Face­book halts ad tar­get­ing af­ter bias com­plaints

The Buffalo News - - NATIONAL NEWS - By Noam Scheiber and Mike Isaac

Af­ter years of crit­i­cism, Face­book an­nounced Tues­day that it would stop al­low­ing ad­ver­tis­ers in key cat­e­gories to show their mes­sage only to peo­ple of a cer­tain race, gen­der or age group.

The com­pany said that any­one ad­ver­tis­ing hous­ing, jobs or credit – three ar­eas where fed­eral law pro­hibits dis­crim­i­na­tion in ads – would no longer have the op­tion of ex­plic­itly aim­ing ads at peo­ple on the ba­sis of those char­ac­ter­is­tics.

The changes are part of a set­tle­ment with groups that have sued Face­book over these prac­tices in re­cent years, in­clud­ing the Amer­i­can Civil Lib­er­ties Union, the Na­tional Fair Hous­ing Al­liance and the Com­mu­ni­ca­tions Work­ers of Amer­ica. They also cover ad­ver­tis­ing on In­sta­gram and Mes­sen­ger, which Face­book owns.

“We think this set­tle­ment is his­toric and will go a long way to­ward mak­ing sure that these types of dis­crim­i­na­tory prac­tices can’t hap­pen,” Sh­eryl Sand­berg, the com­pany’s chief op­er­at­ing of­fi­cer, said in an in­ter­view.

The com­pany said it planned to carry out the changes by the end of the year and would pay less than $5 mil­lion to set­tle five law­suits brought by the groups.

A re­lated com­plaint by the fed­eral Depart­ment of Hous­ing and Ur­ban De­vel­op­ment is pend­ing. A Face­book spokesman said the com­pany was in dis­cus­sions with the depart­ment to re­solve the case. A HUD of­fi­cial did not re­spond to a re­quest for com­ment.

The change comes with Face­book un­der pres­sure on many fronts. On Tues­day, it was on the de­fen­sive with the Trump ad­min­is­tra­tion af­ter it blocked posts by the White House so­cial me­dia di­rec­tor, Dan Scavino Jr. Face­book later apol­o­gized, say­ing the posts had been mis­taken for spam – but not be­fore Pres­i­dent Trump warned on Twit­ter that “I will be look­ing into this” and de­clared that Face­book, Google and Twit­ter “are sooo on the side of the Rad­i­cal Left Democrats.”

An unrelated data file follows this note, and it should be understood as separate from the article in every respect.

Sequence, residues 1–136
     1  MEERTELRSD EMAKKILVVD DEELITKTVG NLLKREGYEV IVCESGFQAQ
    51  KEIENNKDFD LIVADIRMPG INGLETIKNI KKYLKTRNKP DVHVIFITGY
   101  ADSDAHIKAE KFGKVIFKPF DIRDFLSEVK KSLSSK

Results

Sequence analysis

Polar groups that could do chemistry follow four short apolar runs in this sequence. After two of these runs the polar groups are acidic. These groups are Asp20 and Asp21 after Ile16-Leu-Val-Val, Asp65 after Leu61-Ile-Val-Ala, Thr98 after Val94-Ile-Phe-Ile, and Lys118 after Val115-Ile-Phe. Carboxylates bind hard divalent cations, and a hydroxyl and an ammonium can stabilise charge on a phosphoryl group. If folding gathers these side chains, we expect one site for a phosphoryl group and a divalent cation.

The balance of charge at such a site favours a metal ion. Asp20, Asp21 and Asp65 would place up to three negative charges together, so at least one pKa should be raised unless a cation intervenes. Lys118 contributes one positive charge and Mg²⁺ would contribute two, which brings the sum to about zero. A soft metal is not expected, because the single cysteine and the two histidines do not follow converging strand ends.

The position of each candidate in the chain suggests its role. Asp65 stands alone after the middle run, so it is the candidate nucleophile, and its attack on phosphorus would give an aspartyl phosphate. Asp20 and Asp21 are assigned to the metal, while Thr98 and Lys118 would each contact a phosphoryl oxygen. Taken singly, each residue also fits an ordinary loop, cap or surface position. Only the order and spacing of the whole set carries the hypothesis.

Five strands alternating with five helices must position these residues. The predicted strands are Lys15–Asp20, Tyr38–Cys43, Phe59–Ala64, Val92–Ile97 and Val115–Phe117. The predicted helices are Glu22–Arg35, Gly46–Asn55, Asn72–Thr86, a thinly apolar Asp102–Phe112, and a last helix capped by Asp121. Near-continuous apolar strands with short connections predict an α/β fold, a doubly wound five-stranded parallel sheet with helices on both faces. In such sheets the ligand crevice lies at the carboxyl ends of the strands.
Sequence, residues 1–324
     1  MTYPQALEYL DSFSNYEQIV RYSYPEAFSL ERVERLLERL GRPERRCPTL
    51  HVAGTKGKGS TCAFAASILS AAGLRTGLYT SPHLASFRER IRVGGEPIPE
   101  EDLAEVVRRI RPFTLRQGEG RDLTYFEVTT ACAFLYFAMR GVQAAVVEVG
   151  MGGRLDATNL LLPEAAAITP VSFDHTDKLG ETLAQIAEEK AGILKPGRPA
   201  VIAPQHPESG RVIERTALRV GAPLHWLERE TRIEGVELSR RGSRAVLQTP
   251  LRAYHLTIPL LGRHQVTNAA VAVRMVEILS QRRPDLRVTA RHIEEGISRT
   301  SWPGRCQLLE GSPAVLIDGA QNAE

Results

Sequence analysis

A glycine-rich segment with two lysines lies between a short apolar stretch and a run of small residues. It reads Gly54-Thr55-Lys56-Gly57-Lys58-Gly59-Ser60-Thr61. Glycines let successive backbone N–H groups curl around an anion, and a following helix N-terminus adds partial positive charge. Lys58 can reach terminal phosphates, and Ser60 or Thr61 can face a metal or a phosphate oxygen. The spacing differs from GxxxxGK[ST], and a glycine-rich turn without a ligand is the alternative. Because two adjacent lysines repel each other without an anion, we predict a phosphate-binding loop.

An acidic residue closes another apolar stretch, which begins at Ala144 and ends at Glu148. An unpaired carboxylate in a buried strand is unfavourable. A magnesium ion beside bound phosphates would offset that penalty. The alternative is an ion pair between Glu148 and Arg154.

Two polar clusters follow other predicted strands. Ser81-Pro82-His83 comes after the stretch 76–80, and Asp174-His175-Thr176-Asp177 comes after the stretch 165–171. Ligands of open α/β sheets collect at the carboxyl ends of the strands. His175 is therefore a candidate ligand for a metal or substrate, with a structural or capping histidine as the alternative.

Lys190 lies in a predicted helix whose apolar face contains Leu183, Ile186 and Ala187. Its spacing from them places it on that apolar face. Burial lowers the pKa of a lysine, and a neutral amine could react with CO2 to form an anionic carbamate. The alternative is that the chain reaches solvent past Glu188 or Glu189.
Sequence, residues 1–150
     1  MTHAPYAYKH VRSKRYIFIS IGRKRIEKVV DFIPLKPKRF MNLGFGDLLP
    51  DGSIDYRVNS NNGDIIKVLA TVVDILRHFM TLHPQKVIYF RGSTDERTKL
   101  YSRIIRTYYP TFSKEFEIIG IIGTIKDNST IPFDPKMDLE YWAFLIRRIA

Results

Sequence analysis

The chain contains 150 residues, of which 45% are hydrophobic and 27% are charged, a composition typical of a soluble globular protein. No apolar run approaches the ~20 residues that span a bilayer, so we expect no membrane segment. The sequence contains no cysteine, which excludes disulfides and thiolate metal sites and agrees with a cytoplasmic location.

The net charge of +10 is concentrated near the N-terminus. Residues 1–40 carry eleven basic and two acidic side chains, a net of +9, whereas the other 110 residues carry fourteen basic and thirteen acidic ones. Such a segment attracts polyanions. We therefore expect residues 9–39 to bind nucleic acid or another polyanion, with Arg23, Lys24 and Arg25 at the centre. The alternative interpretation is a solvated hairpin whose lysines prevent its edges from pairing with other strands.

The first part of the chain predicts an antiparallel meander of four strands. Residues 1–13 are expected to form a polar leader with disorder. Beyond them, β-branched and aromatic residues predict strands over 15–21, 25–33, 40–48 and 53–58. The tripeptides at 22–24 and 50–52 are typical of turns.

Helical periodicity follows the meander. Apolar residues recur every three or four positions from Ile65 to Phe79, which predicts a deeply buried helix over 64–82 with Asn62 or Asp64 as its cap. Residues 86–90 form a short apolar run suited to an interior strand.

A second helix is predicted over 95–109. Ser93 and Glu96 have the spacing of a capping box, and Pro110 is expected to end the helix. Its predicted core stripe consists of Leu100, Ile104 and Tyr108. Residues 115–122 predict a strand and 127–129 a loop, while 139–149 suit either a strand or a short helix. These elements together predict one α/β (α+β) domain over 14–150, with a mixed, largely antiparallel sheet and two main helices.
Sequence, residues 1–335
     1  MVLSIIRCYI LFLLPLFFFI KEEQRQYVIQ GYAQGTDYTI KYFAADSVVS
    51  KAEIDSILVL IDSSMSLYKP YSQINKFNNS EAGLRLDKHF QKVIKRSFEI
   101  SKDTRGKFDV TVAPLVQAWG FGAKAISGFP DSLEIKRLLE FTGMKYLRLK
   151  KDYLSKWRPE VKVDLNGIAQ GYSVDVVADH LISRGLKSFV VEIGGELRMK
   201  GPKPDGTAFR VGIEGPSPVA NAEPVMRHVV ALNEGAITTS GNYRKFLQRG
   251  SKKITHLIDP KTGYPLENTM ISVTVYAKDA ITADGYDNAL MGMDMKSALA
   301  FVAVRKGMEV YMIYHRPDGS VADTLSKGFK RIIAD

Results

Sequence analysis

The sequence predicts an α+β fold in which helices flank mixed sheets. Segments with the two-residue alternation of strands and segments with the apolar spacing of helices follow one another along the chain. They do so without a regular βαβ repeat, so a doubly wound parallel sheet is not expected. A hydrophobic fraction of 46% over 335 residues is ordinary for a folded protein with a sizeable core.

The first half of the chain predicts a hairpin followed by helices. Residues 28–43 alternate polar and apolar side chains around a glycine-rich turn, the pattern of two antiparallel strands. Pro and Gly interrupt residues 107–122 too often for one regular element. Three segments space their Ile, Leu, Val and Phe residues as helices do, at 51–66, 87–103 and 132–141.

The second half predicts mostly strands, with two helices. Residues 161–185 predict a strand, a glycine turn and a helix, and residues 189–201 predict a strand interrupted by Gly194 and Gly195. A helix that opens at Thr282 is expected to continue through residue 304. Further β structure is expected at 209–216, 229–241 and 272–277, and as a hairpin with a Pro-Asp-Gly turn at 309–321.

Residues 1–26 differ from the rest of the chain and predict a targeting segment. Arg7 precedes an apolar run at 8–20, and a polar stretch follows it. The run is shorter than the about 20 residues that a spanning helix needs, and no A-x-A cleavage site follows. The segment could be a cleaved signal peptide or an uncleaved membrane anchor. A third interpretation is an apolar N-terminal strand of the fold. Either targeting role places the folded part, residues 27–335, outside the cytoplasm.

And over the last year, Face­book has dealt with scan­dal af­ter scan­dal re­lated to the com­pany’s data-shar­ing prac­tices and pri­vacy. In early 2018, The New York Times re­ported that Cam­bridge An­a­lyt­ica, a po­lit­i­cal re­search firm, had in­ap­pro­pri­ately har­vested in­for­ma­tion from mil­lions of Face­book pro­files, largely be­cause of Face­book’s im­proper stew­ard­ship of user data. Face­book has been crit­i­cized for a data breach late last year, com­pro­mis­ing the ac­counts of mil­lions of users.

Sev­eral news or­ga­ni­za­tions, in­clud­ing The Times and ProPublica, have also re­ported on the use of Face­book’s tar­get­ing tools in ways that pre­vent mem­bers of cer­tain groups, like women or work­ers over 40, from see­ing ads.

Pauline Kim, a pro­fes­sor of em­ploy­ment law at Wash­ing­ton Univer­sity in St. Louis, praised the changes but cau­tioned against over­stat­ing their sig­nif­i­cance.

“Tak­ing the ex­plicit abil­ity to dis­crim­i­nate off the ta­ble is an im­por­tant first step,” Kim said. “But I don’t think it solves the prob­lem of the po­ten­tial for bi­ased serv­ing of ads.”

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